Epinephrine acts by binding to a variety of adrenergic receptors. Epinephrine is a nonselective agonist of all adrenergic receptors, including the major subtypes α1, α2, β1, β2, and β3.[46] Epinephrine's binding to these receptors triggers several metabolic changes. Binding to α-adrenergic receptors inhibits insulin secretion by the pancreas, stimulates glycogenolysis in the liver and muscle,[47] and stimulates glycolysis and inhibits insulin-mediated glycogenesis in muscle.[48][49] β adrenergic receptor binding triggers glucagon secretion in the pancreas, increased adrenocorticotropic hormone (ACTH) secretion by the pituitary gland, and increased lipolysis by adipose tissue. Together, these effects increase blood glucose and fatty acids, providing substrates for energy production within cells throughout the body.[49] In the heart, the coronary arteries have a predominance of β2 receptors, which cause vasodilation of the coronary arteries in the presence of epinephrine.[50]

Its actions increase peripheral resistance via α1 receptor-dependent vasoconstriction and increase cardiac output via its binding to β1 receptors. The goal of reducing peripheral circulation is to increase coronary and cerebral perfusion pressures and therefore increase oxygen exchange at the cellular level.[51] While epinephrine does increase aortic, cerebral, and carotid circulation pressure, it lowers carotid blood flow and end-tidal CO2 or ETCO2 levels. It appears that epinephrine may improve macrocirculation at the expense of the capillary beds where perfusion takes place.[52]


Extracts of the adrenal gland were first obtained by Polish physiologist Napoleon Cybulski in 1895. These extracts, which he called nadnerczyna, contained adrenaline and other catecholamines.[53] American ophthalmologist William H. Bates discovered adrenaline's usage for eye surgeries prior to 20 April 1896.[54] Japanese chemist Jōkichi Takamine and his assistant Keizo Uenaka independently discovered adrenaline in 1900.[55][56] In 1901, Takamine successfully isolated and purified the hormone from the adrenal glands of sheep and oxen.[57] Adrenaline was first synthesized in the laboratory by Friedrich Stolz and Henry Drysdale Dakin, independently, in 1904.[56]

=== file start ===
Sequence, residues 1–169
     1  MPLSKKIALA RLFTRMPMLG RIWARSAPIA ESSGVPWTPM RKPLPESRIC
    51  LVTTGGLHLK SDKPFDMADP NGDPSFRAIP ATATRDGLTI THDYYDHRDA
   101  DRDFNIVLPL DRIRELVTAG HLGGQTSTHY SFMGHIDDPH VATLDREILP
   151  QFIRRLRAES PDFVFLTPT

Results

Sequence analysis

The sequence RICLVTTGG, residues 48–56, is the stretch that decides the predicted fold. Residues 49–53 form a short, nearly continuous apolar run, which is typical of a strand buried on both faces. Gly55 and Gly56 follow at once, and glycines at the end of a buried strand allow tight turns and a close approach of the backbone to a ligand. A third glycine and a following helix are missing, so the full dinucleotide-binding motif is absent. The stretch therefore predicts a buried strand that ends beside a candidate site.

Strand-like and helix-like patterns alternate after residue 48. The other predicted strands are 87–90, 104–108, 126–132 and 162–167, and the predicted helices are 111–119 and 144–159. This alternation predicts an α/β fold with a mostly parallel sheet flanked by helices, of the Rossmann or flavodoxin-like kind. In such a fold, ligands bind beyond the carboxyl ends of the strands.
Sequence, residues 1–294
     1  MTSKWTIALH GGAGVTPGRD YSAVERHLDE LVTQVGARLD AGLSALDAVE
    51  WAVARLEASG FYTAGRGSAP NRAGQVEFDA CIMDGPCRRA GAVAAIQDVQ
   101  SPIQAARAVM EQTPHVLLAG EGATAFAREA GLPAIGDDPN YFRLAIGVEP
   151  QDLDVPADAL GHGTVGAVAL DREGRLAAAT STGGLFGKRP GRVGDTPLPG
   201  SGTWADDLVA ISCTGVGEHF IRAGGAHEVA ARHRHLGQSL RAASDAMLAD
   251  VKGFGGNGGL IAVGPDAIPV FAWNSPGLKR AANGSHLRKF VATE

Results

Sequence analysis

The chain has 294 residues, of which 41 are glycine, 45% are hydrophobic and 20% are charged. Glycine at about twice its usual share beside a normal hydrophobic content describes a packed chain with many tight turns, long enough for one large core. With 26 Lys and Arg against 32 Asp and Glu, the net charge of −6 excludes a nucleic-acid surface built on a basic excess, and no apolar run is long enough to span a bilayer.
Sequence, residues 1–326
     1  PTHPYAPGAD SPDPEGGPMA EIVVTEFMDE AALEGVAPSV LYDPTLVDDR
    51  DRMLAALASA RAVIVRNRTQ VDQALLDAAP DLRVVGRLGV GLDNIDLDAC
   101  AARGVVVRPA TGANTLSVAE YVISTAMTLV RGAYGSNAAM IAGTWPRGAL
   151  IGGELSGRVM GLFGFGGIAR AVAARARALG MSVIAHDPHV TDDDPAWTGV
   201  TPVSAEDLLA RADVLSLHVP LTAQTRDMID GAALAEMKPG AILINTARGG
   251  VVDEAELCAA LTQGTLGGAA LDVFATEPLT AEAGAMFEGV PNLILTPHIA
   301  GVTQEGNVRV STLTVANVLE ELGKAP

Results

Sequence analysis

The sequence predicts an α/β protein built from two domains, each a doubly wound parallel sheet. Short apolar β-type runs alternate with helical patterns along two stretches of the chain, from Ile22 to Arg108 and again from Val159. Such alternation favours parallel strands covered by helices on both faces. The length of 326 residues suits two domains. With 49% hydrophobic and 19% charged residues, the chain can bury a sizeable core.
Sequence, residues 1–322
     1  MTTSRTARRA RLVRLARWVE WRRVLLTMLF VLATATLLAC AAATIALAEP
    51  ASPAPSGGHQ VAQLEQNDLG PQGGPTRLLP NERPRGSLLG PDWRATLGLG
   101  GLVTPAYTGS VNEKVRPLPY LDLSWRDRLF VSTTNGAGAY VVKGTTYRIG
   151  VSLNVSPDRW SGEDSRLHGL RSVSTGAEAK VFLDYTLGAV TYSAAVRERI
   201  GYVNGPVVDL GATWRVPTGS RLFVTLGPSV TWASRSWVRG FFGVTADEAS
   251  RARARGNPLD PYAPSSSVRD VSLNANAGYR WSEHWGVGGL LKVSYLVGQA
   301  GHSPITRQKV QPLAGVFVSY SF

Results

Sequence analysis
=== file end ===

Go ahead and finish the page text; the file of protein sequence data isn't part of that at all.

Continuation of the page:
Society and culture[edit]

Legal status[edit]

In June 2024, the Committee for Medicinal Products for Human Use of the European Medicines Agency adopted a positive opinion, recommending the granting of a marketing authorization for the medicinal product Eurneffy, intended for emergency treatment of allergic reactions (anaphylaxis) due to insect stings or bites, foods, medicinal products and other allergens as well as idiopathic or exercise induced anaphylaxis.[58][59][60] The applicant for this medicinal product is ARS Pharmaceuticals IRL Limited.[58]

Brand names[edit]

Common brand names include Asthmanefrin, Micronefrin, Nephron, VapoNefrin, and Primatene Mist.

Delivery forms[edit]

Epinephrine is available in an autoinjector delivery system.

There is an epinephrine metered-dose inhaler sold over the counter in the United States to relieve bronchial asthma.[61][62] It was introduced in 1963 by Armstrong Pharmaceuticals.[63]

A common concentration for epinephrine is 2.25% w/v epinephrine in solution, which contains 22.5 mg/mL, while a 1% solution is typically used for aerosolization.

  • Adults: 0.5–0.75 ml of a 2.25% solution in 2.0 ml normal saline.[64]
  • Pediatrics: 0.25–0.75 ml of a 2.25% solution in 2.0 ml normal saline.[64][65]